Crop Suitability Mapping for Rice, Cassava, and Yam in North Central Nigeria

Roland Clement Abah, Brilliant Mareme Petja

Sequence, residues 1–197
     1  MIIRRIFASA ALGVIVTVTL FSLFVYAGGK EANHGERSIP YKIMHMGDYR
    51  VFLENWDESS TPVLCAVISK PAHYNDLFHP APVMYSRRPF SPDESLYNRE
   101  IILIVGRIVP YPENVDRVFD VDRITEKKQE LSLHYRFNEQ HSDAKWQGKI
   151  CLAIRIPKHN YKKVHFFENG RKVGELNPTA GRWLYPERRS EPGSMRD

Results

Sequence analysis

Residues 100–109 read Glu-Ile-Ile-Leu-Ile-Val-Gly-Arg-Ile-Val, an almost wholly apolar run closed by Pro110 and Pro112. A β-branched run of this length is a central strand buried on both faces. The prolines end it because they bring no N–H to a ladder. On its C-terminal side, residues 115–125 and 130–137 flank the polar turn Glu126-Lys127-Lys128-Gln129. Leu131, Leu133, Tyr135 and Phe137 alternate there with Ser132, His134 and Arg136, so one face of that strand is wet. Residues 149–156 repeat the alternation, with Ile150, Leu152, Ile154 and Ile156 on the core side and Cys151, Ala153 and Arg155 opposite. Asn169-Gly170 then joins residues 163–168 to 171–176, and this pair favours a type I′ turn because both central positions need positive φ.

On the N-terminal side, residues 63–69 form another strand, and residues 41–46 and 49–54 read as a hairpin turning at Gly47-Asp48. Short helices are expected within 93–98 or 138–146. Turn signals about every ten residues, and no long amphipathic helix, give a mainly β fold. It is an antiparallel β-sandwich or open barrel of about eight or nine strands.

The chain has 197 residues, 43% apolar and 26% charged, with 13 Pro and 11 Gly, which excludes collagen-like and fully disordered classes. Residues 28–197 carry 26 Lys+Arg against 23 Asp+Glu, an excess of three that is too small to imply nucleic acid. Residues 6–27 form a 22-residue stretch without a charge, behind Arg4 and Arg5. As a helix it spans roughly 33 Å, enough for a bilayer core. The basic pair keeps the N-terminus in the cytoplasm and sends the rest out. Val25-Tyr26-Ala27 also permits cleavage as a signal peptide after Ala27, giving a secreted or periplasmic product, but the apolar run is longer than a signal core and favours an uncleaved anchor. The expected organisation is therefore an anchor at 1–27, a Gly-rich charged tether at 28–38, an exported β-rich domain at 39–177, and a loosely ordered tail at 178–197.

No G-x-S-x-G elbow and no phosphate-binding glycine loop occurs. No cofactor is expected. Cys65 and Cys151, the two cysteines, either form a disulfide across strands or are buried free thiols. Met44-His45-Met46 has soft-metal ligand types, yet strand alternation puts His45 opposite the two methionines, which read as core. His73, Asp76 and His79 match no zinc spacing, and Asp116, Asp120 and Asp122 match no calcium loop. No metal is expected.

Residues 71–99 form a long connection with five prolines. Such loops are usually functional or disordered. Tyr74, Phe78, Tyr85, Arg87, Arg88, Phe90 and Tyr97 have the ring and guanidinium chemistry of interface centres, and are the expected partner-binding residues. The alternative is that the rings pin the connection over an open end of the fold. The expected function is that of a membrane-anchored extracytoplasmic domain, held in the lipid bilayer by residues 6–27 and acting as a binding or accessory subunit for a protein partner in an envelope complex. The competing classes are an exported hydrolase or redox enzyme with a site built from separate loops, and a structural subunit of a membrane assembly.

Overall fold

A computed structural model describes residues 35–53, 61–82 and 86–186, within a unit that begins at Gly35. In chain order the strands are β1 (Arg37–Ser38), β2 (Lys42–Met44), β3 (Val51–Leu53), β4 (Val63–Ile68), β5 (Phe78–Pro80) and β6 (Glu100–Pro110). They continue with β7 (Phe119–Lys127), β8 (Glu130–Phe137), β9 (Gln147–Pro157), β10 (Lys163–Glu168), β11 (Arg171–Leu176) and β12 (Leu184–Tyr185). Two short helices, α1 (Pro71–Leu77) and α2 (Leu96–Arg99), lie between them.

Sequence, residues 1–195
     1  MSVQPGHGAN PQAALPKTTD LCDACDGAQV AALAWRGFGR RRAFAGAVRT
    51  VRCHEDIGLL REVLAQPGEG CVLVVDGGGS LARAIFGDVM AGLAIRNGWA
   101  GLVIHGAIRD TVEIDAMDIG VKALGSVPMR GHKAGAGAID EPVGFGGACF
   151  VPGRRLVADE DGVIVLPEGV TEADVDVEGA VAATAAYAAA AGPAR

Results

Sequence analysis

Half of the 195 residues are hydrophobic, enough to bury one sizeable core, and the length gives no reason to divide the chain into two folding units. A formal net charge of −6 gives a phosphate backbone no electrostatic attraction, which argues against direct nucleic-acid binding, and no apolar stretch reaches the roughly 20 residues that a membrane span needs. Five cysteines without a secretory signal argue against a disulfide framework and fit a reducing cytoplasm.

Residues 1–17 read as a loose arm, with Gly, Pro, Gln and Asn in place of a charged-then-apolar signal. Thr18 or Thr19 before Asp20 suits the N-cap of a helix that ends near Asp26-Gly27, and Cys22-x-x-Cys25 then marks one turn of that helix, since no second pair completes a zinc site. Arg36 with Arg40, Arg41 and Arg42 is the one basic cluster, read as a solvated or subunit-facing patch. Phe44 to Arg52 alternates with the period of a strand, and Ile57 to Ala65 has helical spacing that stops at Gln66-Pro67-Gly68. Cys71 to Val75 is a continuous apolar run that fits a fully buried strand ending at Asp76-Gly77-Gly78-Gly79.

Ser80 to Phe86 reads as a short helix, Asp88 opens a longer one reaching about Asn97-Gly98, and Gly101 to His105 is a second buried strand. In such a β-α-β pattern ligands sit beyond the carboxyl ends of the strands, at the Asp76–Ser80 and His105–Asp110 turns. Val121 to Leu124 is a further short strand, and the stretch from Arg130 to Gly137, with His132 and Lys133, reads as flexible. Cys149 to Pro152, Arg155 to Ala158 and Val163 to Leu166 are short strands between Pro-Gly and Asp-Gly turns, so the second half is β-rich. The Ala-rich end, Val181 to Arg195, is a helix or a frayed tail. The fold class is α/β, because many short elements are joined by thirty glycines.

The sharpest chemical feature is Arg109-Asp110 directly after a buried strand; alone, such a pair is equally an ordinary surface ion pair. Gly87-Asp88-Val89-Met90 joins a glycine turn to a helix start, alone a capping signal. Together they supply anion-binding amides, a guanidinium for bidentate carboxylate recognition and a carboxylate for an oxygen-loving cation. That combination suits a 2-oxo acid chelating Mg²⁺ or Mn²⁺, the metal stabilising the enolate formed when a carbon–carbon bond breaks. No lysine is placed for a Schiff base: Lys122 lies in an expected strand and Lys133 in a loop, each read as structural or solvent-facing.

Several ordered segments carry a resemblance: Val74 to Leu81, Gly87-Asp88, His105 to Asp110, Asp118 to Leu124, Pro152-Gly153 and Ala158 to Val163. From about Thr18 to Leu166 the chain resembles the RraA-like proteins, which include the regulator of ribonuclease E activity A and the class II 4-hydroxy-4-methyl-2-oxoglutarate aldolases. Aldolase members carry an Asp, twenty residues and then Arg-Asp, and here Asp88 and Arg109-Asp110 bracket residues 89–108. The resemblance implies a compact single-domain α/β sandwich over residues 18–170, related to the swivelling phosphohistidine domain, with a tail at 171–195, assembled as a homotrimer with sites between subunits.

Agricultural production has contributed over time to food security and rural economic development in developing countries particularly supporting the countryside. Evidence of crop yield decline exist in the Lower River Benue Basin. This was a crop suitability mapping for rice, cassava, and yam to guide policy makers in strategic planning for sustainable agricultural development. Data was collected on various themes including climate, drainage, soil, satellite imagery, and maps. Remote Sensing was used to analyse satellite imagery to produce a digital elevation model, land use and land cover map, and normalised difference vegetation index map. GIS was used to produce thematic maps, weighted percentages of attribute data, and to produce crop suitability maps through weighted overlay. Soils in the study area require fertility enhancement with inorganic fertilisers for better crop yield. Soils in the Lower River Benue Basin are suitable for yam, cassava, and rice cultivation on maps of suitable areas. Some areas were found to be highly suitable for the cultivation of rice (34.22%), cassava (17.08%) and yam (16.08%). Some other areas were found to be moderately suitable for the cultivation of cassava (48.18%), rice (45.46%), and yam (48.85%). Areas with low suitability were 14.99% (rice), 33.68% (cassava), and 29.57% (yam). This study has demonstrated the importance of crop suitability mapping and recommends that farmers’ cooperative societies and policy makers utilise the information presented to improve decision making methods and policies for agricultural development.

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